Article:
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The 60th Field Regiment returned to Egypt in September 1941.  Re-equipped with brand-new 25-pounder guns, they were now part of the 7th Support Group of the 7th Armoured Division of the 8th Army--the famous "Desert Rats".

In November 1941, the regiment crossed through the frontier wire separating Egypt from  Libya to take part in "Operation Crusader".

The British had at last got more tanks, guns and men than the Germans, and the idea behind Operation Crusader was to smash the Afrika Korps once and for all. Over 600 tanks in 30 Corps would crush Rommel's two Panzer Divisions. Once this had been done the 8th Army would go on to relieve the port of Tobruk, which had been under siege for months.

On the first day, Tuesday, the whole of 30 Corps made good progress in the desert.  There was just one snag--the Afrika Korps was nowhere to be seen!  In fact, Rommel was gathering his forces together, for he was planning to launch an assault on Tobruk THAT WEEKEND!  Both the British and the German armies were heading for the same place…

As the Germans had inconveniently not turned up, it was decided to split the 7th Armoured Division.  The 22nd Armoured Brigade was sent towards the west to deal with some Italians, whilst the 7th Armoured Brigade (three tank regiments), closely followed by the 7th Support Group, made good progress in the north and were now only a few miles from beleaguered Tobruk at a place in the desert called Sidi Rezegh. The whole point of Operation Crusader was to overwhelm Rommel's two Panzer Divisions by sheer weight of numbers. Yet within 24 hours, 30 Corps was scattered all over the desert. It was an incredible decision.

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As the 7th Armoured Brigade was so near Tobruk, it was decided that they should launch an attack on the Friday morning.  They'd no sooner started when BOTH of Rommel's Panzer Divisions turned up behind them.  Isolated from the rest of 30 Corps, the 7th Armoured Brigade and the Support Group now had Germans to the front and to the rear.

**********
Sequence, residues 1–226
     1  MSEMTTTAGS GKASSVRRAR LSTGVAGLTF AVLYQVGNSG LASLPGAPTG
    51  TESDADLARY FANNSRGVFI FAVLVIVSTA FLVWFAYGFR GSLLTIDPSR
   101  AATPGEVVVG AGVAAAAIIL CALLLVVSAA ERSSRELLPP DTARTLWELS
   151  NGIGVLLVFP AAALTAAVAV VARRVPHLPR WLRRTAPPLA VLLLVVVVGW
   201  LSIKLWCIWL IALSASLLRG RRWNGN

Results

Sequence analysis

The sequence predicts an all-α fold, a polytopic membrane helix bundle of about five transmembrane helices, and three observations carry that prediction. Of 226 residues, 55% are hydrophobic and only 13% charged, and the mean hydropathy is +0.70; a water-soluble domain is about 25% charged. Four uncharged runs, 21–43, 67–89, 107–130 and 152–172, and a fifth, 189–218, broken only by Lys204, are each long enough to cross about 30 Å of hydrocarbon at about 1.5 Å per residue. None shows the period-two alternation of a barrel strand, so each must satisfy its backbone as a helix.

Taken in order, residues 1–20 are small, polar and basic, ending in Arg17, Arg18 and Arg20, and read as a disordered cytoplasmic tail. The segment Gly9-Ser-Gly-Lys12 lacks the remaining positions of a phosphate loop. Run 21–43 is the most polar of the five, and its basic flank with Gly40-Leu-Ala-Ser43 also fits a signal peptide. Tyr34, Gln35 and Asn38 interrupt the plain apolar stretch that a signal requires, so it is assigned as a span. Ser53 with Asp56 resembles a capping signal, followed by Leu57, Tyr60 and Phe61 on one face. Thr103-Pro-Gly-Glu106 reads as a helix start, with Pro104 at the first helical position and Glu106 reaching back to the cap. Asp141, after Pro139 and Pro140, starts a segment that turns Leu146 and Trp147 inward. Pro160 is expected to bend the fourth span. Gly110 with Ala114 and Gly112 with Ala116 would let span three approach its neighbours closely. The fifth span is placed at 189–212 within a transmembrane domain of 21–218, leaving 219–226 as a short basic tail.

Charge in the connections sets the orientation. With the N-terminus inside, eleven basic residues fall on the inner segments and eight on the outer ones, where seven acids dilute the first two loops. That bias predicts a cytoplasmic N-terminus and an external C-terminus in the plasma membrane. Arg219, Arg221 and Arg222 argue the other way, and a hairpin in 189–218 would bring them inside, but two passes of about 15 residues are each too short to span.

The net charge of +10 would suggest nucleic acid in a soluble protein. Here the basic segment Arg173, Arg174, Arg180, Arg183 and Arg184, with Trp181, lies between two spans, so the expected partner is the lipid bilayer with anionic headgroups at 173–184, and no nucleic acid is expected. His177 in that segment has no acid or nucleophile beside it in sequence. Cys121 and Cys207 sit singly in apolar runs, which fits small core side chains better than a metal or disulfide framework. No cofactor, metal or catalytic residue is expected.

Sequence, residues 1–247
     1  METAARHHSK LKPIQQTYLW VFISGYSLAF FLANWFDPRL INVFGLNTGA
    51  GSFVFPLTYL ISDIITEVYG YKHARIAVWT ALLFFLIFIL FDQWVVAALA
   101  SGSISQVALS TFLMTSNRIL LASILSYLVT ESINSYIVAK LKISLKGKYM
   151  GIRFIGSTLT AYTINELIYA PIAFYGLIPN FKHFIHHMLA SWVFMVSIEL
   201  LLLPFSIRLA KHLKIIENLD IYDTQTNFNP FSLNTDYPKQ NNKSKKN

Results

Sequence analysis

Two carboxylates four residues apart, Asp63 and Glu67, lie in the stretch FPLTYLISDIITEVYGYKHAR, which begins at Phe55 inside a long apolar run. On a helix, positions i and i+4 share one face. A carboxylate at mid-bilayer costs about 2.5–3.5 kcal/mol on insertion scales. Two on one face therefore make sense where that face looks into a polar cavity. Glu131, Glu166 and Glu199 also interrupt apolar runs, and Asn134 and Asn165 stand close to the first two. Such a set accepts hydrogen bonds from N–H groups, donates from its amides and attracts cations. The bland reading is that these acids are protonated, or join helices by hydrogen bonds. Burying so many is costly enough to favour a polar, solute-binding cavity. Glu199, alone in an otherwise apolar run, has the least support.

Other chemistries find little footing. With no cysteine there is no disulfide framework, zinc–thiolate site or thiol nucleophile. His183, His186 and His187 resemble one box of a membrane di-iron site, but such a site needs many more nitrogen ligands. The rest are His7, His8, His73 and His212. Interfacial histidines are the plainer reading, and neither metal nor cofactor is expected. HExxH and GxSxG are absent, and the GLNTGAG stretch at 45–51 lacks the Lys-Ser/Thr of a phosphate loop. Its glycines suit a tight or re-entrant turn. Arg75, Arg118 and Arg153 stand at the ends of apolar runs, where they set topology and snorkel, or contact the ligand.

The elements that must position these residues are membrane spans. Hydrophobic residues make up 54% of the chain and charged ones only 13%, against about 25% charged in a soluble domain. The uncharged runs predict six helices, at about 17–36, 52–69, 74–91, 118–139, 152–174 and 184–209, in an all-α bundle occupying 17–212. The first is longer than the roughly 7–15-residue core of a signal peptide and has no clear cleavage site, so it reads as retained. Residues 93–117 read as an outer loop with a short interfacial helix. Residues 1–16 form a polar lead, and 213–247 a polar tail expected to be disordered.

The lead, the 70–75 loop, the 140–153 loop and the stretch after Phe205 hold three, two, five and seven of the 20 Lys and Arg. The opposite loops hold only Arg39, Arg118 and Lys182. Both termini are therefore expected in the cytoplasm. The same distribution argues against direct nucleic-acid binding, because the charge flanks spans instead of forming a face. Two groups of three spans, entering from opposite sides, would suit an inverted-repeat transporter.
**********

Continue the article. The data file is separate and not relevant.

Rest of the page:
What followed has been described as one of the great anti-tank battles of the war.  Altogether, the battle at Sidi Rezegh lasted for three days, each day presenting a fresh challenge from Rommel's fertile mind.  The 60th Field Regiment was at the forefront, their marvellously accurate 25-pounders blazing away as wave after wave of German tanks seemed to arrive on the battlefield.  The 7th Armoured Brigade lost virtually all their tanks, and when the other two Armoured Brigades arrived on the Saturday it quickly became very clear that their light tanks (Crusaders and the American "Honeys") weren't much good.

A 25-pounder in action in the desert

The Grimsby battery fared particularly badly.  Many of their men were killed, wounded or taken prisoner and almost all of their guns were put out of action. "F" troop of 239 battery were the last British soldiers still fighting on the battlefield when they withdrew under the cover of 2 or 3 tanks. After several days the survivors managed to re-group and with only half their 25-pounders still in action they harried Rommel's Panzers for the next 5 weeks.

Brigadier Jock Campbell, the Officer Commanding the 7th Support Group, was in the thick of the action and at one stage was giving the exhausted gunners of the 60th Field Regiment a hand in loading the guns.  He was later awarded the Victoria Cross.

Lieutenant Ward Gunn of the 3rd Royal Horse Artillery was also posthumously awarded the Victoria Cross- so two of the three VCs awarded to men of the Royal Artillery in WW2 were both won within 24 hours at Sidi Rezegh.